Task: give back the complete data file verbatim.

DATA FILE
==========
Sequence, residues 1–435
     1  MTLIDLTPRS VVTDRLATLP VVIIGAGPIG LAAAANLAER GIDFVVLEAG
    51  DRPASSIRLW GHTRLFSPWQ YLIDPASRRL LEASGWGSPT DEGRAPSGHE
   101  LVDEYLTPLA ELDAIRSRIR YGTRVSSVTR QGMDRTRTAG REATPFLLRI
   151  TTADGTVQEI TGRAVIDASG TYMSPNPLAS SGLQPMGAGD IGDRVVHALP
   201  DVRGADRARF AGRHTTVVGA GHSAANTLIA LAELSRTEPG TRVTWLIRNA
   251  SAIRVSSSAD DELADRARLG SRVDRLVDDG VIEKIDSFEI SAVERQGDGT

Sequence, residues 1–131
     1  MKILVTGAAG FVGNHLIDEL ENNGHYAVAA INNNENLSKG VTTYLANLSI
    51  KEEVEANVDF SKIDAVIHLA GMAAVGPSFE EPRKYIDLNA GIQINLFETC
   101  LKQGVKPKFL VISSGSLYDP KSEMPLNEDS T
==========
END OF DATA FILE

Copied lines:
Sequence, residues 1–435
     1  MTLIDLTPRS VVTDRLATLP VVIIGAGPIG LAAAANLAER GIDFVVLEAG
    51  DRPASSIRLW GHTRLFSPWQ YLIDPASRRL LEASGWGSPT DEGRAPSGHE
   101  LVDEYLTPLA ELDAIRSRIR YGTRVSSVTR QGMDRTRTAG REATPFLLRI
   151  TTADGTVQEI TGRAVIDASG TYMSPNPLAS SGLQPMGAGD IGDRVVHALP
   201  DVRGADRARF AGRHTTVVGA GHSAANTLIA LAELSRTEPG TRVTWLIRNA
   251  SAIRVSSSAD DELADRARLG SRVDRLVDDG VIEKIDSFEI SAVERQGDGT

Sequence, residues 1–131
     1  MKILVTGAAG FVGNHLIDEL ENNGHYAVAA INNNENLSKG VTTYLANLSI
    51  KEEVEANVDF SKIDAVIHLA GMAAVGPSFE EPRKYIDLNA GIQINLFETC
   101  LKQGVKPKFL VISSGSLYDP KSEMPLNEDS T